The mission of the United States Air Force is to fly, fight, and win in air, space, and cyberspace. A crucial part of achieving that mission involves obtaining and maintaining superiority in the air domain. That domain, defined for the first time in this publication, is the area, beginning at the Earth's surface, where the atmosphere has a major effect on the movement, maneuver, and employment of joint forces. Within that domain, forces exercise degrees of control or levels of influence, characterized as parity, superiority, or supremacy. The US has enjoyed at least air superiority in all conflicts since the Korean War. The US will probably retain that superiority in today's ongoing conflicts, but the prospect of near-peer competitors in the not-too-distant future raise the possibility of air parity - a condition in the air battle in which one force does not have air superiority over others - or even conceding superiority to the adversary if Air Force forces are not properly employed.
Our possession of air superiority helps enable joint forces to dominate adversary operations in all domains and to achieve a wide range of cross-domain effects. Unless we can freely maneuver in the air while denying the enemy the ability to do the same, we do not have superiority. Therefore, this publication addresses how the commander of Air Force forces can best employ his assets within a joint force to achieve control in the air domain to enable the overall joint force effort.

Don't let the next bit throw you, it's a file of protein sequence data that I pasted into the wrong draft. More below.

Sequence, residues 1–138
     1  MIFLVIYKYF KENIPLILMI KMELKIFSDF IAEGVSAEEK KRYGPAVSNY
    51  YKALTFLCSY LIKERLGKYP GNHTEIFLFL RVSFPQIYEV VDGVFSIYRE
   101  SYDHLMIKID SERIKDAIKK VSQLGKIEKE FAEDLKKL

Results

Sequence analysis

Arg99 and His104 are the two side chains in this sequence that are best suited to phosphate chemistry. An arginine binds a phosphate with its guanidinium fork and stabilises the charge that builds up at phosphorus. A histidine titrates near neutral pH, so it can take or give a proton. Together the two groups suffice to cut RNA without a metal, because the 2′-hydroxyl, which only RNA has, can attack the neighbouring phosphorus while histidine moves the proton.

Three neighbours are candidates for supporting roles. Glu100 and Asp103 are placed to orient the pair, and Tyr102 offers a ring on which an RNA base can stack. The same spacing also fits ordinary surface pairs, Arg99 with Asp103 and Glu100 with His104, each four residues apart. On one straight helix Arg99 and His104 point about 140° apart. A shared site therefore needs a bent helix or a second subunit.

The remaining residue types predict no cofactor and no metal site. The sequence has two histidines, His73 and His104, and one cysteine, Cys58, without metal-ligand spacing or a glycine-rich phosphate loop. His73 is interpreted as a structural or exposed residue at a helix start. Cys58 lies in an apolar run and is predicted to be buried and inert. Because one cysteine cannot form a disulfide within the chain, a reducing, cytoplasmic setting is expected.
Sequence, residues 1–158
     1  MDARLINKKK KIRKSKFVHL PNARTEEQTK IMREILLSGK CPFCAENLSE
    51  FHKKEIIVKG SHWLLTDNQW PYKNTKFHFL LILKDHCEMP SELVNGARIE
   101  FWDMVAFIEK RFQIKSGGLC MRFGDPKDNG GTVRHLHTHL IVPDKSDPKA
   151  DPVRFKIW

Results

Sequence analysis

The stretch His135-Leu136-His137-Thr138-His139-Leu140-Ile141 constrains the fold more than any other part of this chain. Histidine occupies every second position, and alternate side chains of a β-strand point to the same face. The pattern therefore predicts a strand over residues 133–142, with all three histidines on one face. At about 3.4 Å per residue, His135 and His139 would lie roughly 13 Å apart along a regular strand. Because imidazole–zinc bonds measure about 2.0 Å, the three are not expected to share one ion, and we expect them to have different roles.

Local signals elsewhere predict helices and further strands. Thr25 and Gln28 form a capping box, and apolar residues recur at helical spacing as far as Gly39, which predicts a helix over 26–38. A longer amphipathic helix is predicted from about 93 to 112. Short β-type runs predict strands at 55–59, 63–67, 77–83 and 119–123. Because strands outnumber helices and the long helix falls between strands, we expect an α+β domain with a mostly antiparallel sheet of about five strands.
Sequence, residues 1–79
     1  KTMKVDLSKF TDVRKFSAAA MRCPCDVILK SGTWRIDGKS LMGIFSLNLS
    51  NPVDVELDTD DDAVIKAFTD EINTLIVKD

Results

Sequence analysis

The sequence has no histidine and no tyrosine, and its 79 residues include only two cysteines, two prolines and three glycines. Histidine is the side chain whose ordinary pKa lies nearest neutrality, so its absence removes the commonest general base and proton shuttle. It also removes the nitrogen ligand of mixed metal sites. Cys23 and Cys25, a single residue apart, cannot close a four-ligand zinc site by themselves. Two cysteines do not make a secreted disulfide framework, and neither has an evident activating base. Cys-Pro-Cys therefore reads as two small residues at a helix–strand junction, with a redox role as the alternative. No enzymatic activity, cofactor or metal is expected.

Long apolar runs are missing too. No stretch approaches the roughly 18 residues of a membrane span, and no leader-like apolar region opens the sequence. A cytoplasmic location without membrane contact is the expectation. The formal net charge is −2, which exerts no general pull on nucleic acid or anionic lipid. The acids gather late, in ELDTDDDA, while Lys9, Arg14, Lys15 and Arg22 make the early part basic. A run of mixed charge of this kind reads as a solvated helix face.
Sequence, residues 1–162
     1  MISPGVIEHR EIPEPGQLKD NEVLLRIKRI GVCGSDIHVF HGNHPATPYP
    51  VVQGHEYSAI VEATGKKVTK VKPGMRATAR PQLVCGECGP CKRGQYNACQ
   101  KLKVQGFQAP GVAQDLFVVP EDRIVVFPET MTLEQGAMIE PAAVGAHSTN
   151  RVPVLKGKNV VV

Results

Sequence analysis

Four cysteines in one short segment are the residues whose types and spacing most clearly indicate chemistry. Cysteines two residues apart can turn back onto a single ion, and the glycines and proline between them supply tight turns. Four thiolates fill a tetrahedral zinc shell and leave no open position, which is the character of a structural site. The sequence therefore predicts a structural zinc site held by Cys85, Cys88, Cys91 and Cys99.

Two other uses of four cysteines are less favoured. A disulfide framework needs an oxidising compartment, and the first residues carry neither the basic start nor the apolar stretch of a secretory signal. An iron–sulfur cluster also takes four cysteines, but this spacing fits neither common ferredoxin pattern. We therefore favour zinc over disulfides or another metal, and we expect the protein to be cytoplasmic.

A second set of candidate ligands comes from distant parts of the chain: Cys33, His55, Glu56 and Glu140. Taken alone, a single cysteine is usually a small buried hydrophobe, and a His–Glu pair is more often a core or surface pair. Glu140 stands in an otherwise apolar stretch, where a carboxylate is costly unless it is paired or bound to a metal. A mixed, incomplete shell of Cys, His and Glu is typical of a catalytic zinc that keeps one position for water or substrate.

Counterair is more than just force protection or air and missile defense. It also includes offensive actions against an enemy's capabilities, allowing us to seize the initiative and force the adversary into a defensive posture. Furthermore, counterair is executed by more than just air assets. Counterair is a joint, multinational, and interagency team effort, comprising a combination of command and control systems, intelligence, surveillance, and reconnaissance systems, aircraft and missile systems in air-to-air and air-to-ground roles, and surface-to-air defense weapons.
The effect of air superiority is not normally an end unto itself. Air superiority provides enormous military advantages, allowing the joint force greater freedom of action to carry out its assigned missions (freedom to attack) while minimizing its vulnerability to enemy detection and attack (freedom from attack). The success of any major air, land, or maritime operation may depend on the degree of air superiority achieved. This Air Force doctrine document provides guidance for designing, planning, integrating, coordinating, executing, and assessing counterair operations. It provides operational doctrine to gain and maintain control of the air. As such, it focuses on how air forces can be organized and employed to successfully conduct counterair operations.
Contents: Chapter One - Counterair Fundamentals * Chapter Two - Organization And Command And Control (C2) * Chapter Three - Counterair Planning, Execution, And Assessment The Counterair Framework